Someone on that old-fashioned online game called Twitter (renamed, but still not widely known as, X) told the world of the publication of his book in a post that began: “I’m thrilled to share that as of today…”
I was interested by the way share has become just another synonym for “announce.”
It has come a long way from West Frisia, where, the Oxford English Dictionary reminds us, cows entered a lot into ideas of sharing (although the island of Texel is today famed for its sheep). In West Frisian, skar is “part of a common pasture, part of a pasture sufficient for one cow, hay required to feed one cow, manure produced by one cow.”
Share and skar come from the same Germanic origin as the English shear. In fact, before the Norman Conquest, share (spelt scære or in similar forms) referred only to shearing or cutting hair. The notion of a portion seems to have come from the idea of cutting or division.
We are familiar with the idea of sharing a pie. It’s a zero-sum game. The more there is for you, the less for me. That is true of the share of the vote in elections (if turnout remains the same).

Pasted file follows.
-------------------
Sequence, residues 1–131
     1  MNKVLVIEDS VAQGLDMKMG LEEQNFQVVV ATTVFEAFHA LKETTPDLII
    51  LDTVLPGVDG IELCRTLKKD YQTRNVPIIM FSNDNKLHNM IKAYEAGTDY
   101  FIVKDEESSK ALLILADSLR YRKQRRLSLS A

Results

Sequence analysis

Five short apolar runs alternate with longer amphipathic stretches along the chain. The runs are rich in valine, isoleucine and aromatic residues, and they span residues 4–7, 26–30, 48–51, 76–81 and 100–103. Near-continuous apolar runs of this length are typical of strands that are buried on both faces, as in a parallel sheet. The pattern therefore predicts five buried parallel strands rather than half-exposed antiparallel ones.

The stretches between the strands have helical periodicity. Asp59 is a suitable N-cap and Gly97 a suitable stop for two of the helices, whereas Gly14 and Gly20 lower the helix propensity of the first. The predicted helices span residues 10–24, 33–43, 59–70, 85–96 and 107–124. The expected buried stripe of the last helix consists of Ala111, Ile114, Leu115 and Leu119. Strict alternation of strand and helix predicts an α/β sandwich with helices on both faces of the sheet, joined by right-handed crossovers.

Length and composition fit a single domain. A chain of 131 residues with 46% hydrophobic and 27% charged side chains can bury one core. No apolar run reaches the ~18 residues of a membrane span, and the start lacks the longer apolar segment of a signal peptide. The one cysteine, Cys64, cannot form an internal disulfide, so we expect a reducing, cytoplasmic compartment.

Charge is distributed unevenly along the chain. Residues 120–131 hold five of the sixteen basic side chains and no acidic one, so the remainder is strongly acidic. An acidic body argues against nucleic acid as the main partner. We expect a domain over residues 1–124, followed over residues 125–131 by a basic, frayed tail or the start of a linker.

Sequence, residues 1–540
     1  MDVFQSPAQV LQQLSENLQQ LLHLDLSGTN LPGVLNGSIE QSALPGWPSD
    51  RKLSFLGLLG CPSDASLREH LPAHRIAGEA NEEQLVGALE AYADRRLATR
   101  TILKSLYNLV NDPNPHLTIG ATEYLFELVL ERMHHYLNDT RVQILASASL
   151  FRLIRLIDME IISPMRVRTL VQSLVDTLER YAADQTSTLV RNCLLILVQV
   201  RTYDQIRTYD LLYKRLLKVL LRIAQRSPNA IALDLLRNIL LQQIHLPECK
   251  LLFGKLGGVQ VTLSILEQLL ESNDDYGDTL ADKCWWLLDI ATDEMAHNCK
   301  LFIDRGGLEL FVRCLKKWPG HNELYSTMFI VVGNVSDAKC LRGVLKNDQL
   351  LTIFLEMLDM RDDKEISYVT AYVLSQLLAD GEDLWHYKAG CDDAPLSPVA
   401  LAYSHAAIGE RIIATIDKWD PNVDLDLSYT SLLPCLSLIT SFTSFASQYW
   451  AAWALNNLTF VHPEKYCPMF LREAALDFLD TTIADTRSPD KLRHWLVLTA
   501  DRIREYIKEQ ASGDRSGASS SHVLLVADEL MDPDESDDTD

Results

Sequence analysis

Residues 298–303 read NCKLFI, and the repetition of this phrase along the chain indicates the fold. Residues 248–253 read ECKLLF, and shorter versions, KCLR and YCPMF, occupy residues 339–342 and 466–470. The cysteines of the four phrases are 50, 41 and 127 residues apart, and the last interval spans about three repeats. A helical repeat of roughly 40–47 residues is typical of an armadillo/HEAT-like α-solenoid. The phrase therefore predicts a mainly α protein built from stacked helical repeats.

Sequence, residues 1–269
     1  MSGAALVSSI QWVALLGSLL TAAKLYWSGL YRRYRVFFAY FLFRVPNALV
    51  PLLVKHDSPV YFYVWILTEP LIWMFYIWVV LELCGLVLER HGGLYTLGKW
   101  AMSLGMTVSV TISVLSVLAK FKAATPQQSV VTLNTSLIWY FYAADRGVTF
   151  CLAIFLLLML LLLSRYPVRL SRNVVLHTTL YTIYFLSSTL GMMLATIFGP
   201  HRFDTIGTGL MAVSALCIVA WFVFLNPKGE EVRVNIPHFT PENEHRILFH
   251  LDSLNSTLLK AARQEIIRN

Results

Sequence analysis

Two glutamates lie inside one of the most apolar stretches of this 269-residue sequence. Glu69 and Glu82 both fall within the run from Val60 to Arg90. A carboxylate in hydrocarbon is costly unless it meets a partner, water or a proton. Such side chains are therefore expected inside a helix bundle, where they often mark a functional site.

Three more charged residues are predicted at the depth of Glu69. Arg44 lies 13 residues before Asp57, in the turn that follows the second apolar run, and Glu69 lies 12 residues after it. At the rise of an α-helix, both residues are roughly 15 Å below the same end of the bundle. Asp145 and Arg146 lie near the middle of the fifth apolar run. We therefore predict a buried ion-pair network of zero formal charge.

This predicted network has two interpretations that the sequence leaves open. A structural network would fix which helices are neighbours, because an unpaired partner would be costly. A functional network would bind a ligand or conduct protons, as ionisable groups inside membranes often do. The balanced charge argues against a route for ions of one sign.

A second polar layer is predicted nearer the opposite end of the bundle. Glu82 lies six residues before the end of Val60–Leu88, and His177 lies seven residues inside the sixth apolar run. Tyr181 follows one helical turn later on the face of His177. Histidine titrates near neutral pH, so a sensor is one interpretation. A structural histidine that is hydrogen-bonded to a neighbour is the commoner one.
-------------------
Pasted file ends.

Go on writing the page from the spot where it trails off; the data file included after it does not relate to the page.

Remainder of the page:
But what of something you and another both use: a spade, a fridge, a house? I read of relatives who “share a congenital defect which can cause sudden heart failure.” One of them has no less risk if the other has more. Similarly with shared news, which whizzes around till everyone loses interest. “Fraud victims share their stories,” said the Guardian recently.
There is, surprisingly, a meaning of share that does not specify the thing being shared. It derives from the Moral Re-Armament movement, launched in the 1930s by the Oxford Group founded by Frank Buchman in 1921. “Oxford Group active. Aberdonians wait to ‘share,’” declared the Aberdeen Press & Journal in 1931.
By 2020, the OED was quoting Twitter: “I want to share with you that I am trans, my pronouns are he/they and my name is Elliot.”
This article was originally published in The Spectator’s December 2023 World edition.